What jellyfish have you seen?
There are thousands of species of jellyfish in the world but only a few are commonly spotted in UK waters. Read our guide to find out what jellyfish you might have seen on local beaches near you. Remember not to get too close, jellyfish can sting!
Compass jellyfish - A translucent yellowish-white jellyfish with brown markings around the fringe and on the top of the bell. Those atop the bell resemble a compass, with V shapes radiating out from a central point. They have a bunch of frilled oral arms below the bell. They often wash ashore in summer months.
Moon jellyfish - These are the most common jellyfish in UK seas and often wash up on our beaches. Around the size of a plate, they are recognisable by the four circles visible through the translucent white bell. You can usually see these jellyfish floating just below the surface of the water. Moon jellies have short, delicate tentacles that hang down from the sides of the bell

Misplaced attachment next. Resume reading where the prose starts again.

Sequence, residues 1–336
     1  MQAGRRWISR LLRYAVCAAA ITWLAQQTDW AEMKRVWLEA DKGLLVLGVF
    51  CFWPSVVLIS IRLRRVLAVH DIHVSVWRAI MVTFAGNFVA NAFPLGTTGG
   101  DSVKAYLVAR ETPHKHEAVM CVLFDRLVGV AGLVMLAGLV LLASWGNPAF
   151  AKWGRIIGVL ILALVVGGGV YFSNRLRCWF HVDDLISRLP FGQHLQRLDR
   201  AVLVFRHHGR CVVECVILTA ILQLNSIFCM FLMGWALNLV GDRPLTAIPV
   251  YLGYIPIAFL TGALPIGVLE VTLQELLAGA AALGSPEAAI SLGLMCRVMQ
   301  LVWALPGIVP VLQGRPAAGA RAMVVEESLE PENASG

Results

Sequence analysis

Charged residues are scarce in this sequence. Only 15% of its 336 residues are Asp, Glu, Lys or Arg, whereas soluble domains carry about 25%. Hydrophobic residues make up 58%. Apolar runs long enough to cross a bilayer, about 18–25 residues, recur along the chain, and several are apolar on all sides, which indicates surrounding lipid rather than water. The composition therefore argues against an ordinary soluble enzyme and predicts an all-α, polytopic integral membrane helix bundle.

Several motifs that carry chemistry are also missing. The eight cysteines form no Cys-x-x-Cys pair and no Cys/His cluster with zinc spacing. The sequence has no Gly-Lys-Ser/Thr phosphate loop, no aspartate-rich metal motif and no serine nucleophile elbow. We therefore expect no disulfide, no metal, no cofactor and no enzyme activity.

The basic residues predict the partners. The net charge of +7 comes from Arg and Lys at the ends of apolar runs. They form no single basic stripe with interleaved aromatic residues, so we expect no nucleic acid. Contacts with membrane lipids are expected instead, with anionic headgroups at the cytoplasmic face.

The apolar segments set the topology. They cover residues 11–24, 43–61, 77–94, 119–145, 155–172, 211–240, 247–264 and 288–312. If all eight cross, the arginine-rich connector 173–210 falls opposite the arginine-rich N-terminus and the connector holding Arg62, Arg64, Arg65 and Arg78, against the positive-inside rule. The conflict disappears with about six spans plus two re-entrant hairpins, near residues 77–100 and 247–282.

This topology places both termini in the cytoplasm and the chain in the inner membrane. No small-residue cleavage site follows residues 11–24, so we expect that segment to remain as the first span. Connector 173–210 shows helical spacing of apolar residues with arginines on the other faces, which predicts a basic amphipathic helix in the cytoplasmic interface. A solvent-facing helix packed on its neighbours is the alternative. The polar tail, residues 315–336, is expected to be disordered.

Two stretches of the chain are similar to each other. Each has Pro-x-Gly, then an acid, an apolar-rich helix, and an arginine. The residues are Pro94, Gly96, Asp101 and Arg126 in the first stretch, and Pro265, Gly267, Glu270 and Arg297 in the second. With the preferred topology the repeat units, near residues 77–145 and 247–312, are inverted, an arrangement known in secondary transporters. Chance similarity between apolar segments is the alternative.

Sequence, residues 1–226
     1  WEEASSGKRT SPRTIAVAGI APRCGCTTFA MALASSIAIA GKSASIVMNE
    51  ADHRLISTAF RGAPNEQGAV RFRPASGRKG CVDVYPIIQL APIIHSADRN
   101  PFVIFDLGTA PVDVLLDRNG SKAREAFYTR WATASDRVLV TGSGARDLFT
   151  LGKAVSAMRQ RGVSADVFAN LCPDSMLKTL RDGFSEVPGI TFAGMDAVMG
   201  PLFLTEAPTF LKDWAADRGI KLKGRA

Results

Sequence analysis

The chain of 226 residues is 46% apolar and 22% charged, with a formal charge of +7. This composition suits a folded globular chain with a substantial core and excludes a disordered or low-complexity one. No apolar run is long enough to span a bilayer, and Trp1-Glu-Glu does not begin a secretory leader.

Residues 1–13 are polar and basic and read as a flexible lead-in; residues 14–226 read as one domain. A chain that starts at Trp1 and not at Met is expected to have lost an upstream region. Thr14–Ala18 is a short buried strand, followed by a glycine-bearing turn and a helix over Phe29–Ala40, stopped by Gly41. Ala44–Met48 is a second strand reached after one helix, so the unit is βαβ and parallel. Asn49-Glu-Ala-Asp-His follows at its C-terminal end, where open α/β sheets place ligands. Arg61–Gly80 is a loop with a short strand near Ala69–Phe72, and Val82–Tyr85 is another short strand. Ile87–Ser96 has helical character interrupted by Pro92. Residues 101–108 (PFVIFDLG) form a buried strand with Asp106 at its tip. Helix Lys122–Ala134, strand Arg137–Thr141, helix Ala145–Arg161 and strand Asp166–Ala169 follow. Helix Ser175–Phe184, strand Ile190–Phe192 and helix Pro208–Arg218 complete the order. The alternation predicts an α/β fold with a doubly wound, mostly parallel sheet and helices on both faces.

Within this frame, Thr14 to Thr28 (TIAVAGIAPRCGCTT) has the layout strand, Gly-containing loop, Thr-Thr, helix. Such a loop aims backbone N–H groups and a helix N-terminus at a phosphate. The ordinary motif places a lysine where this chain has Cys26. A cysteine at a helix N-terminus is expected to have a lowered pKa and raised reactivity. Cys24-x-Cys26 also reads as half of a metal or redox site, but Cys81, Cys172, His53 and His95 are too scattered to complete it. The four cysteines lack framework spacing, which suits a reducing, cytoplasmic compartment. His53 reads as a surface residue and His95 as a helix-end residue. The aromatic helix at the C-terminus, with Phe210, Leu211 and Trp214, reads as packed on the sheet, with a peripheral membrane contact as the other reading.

Barrel jellyfish - The largest jellyfish found in UK seas. They are translucent with a huge mushroom shaped bell and a bunch of 8 frilly tentacles below. They don't have marginal tentacles, but do have a violet fringe around the bell. They are often found washed up on beaches in May and June.
Lion's mane jellyfish - It's easy to see where they get their name from. The long, flowing tentacles that surround the bell have the beauty and bite of a lion! A translucent brown to reddish jellyfish with a thick mane of hundreds of long hair-like tentacles; the oldest of which are coloured dark red. They have thick, frilled oral arms under the bell, most often brownish in colour.
Mauve stinger jellyfish - fairly uncommon in the UK, this jellyfish usually appears a bluey purple colour with a globe shaped umbrella covered in orangey brown warts. Long, thin tentacles hang down from around the bell, reaching a maximum of 3 metres.
Blue jellyfish - A typical looking jellyfish, with a dome-shaped bell and stinging tentacles trailing underneath. The bell colour depends on maturity and can vary from pale yellow to purple. Paler individuals are easily confused with the larger lion's mane jellyfish.